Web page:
A lesson in mercy

I’d never read The Merchant of Venice until tonight. And I do not have significant exposure to Shakespeare generally. In this Year of Mercy, I found the discussion of mercy and justice very profound. In Act IV, Scene 1, Portia, acting as the judge, is discussing with Shylock his insistence that Antonio pay a pound of flesh to repay his debt. She says (emphasis mine),

The quality of mercy is not strain’d,
It droppeth as the gentle rain from heaven
Upon the place beneath: it is twice blest;
It blesseth him that gives and him that takes:
‘Tis mightiest in the mightiest: it becomes
The throned monarch better than his crown;
His sceptre shows the force of temporal power,
The attribute to awe and majesty,
Wherein doth sit the dread and fear of kings;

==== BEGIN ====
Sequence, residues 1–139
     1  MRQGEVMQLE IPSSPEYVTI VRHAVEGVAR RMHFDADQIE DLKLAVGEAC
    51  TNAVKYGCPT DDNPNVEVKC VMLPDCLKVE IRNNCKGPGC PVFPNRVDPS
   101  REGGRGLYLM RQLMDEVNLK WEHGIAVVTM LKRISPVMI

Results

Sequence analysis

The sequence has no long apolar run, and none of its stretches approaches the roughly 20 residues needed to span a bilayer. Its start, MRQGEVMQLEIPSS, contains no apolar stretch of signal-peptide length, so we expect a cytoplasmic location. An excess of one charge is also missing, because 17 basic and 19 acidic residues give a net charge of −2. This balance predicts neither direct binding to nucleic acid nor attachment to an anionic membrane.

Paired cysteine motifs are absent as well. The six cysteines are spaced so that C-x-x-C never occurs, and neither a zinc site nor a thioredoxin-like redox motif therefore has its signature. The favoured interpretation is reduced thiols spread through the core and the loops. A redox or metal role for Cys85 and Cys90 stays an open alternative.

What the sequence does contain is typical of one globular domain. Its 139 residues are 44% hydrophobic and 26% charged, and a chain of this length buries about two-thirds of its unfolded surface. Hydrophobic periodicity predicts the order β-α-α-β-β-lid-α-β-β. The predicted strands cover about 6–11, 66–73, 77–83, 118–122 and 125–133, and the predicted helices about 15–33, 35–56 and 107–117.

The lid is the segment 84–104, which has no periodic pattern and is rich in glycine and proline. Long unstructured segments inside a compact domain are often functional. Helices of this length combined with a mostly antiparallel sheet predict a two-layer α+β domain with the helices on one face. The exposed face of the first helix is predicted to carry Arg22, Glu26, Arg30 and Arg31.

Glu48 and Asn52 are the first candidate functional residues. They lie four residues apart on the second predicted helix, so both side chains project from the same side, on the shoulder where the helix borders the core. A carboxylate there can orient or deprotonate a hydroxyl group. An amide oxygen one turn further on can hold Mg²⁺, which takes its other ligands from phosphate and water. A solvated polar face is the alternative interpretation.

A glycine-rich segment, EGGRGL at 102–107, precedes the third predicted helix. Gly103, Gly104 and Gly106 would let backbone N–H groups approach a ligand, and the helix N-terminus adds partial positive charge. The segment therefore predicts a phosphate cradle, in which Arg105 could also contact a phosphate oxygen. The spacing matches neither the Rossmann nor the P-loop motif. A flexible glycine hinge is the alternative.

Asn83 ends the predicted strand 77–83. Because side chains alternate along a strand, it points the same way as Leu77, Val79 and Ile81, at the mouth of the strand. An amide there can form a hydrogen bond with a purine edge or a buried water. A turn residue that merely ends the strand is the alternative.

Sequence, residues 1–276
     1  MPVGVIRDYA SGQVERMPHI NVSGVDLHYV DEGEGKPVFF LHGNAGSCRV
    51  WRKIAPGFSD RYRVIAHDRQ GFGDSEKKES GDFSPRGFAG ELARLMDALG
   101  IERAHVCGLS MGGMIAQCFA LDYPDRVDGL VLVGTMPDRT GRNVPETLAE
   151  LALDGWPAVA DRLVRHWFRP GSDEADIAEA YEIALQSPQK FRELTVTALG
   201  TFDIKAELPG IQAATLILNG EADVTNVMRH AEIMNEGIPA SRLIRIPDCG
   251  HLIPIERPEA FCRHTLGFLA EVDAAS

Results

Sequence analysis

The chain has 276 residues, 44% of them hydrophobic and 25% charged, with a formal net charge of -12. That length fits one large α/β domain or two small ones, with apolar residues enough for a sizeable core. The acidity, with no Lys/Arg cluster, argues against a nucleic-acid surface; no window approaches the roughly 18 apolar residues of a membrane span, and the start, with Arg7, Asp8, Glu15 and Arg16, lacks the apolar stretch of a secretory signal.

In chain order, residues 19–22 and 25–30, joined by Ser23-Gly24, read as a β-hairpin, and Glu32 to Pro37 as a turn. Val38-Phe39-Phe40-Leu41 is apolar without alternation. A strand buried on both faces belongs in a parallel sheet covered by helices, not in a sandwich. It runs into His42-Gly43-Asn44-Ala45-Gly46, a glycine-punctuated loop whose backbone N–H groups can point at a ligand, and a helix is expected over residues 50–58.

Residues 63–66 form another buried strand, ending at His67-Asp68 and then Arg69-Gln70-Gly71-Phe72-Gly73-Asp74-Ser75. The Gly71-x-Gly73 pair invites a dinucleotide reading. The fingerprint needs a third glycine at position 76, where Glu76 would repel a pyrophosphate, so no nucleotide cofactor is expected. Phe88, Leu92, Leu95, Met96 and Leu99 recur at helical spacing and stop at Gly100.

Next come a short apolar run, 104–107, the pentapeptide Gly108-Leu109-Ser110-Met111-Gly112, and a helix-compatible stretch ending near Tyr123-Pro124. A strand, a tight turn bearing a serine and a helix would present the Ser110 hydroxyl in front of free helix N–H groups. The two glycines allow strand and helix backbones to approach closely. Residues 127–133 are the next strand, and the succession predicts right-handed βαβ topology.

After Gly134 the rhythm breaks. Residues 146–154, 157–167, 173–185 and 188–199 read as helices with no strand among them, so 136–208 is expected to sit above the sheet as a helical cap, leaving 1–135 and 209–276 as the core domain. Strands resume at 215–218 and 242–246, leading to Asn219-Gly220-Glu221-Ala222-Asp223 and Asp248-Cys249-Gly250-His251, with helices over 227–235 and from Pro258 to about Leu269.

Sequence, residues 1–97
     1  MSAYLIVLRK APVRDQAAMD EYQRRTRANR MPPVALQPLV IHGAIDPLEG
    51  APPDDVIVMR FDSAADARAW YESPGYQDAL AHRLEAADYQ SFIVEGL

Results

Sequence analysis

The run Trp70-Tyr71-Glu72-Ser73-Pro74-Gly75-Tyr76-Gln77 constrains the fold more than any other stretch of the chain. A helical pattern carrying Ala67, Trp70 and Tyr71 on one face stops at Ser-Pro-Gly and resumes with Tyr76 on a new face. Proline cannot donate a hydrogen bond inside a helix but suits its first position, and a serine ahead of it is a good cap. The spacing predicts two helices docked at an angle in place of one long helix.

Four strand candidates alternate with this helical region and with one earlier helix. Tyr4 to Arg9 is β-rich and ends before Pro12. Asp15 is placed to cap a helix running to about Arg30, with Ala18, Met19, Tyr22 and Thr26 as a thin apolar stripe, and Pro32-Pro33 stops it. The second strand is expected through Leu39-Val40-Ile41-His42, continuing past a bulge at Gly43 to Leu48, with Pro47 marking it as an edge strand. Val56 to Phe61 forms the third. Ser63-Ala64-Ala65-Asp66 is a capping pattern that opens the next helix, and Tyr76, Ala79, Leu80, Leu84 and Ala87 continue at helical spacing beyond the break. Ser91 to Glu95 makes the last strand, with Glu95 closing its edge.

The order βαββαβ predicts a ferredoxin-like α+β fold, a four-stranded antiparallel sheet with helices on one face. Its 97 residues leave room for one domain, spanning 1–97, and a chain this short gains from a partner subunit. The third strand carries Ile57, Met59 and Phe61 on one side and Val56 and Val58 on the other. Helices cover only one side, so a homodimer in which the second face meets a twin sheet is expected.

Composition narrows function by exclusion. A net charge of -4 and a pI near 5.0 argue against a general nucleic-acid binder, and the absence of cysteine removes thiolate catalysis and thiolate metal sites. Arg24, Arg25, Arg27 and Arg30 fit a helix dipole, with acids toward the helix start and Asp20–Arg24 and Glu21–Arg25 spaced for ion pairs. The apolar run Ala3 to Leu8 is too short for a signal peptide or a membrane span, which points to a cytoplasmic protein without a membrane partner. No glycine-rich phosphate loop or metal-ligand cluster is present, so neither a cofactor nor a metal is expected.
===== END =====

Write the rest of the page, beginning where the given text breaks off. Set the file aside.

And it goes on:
But mercy is above this sceptred sway;
It is enthroned in the hearts of kings,
It is an attribute to God himself;
And earthly power doth then show likest God’s
When mercy seasons justice. Therefore, Jew,
Though justice be thy plea, consider this,
That, in the course of justice, none of us
Should see salvation: we do pray for mercy;
And that same prayer doth teach us all to render
The deeds of mercy. I have spoke thus much
To mitigate the justice of thy plea;
Which if thou follow, this strict court of Venice
Must needs give sentence ‘gainst the merchant there.

The message is clear, but the saying is hard. Mercy–“an attribute to God himself”–is what we are called to give to others, to season our justice with mercy and thereby act like God.papalconfession

In the last two weeks before the end of this jubilee year, let us be resolute in our commitment to be merciful to others, and to seek mercy from the Lord in the sacrament of confession. I recommend two books to you: (1) Frequent Confession by Benedict Baur and (2) Pardon and Peace by Francis Randolph. These books have been immensely helpful to me and others I know, and I hope that they are equally beneficial to you.

 

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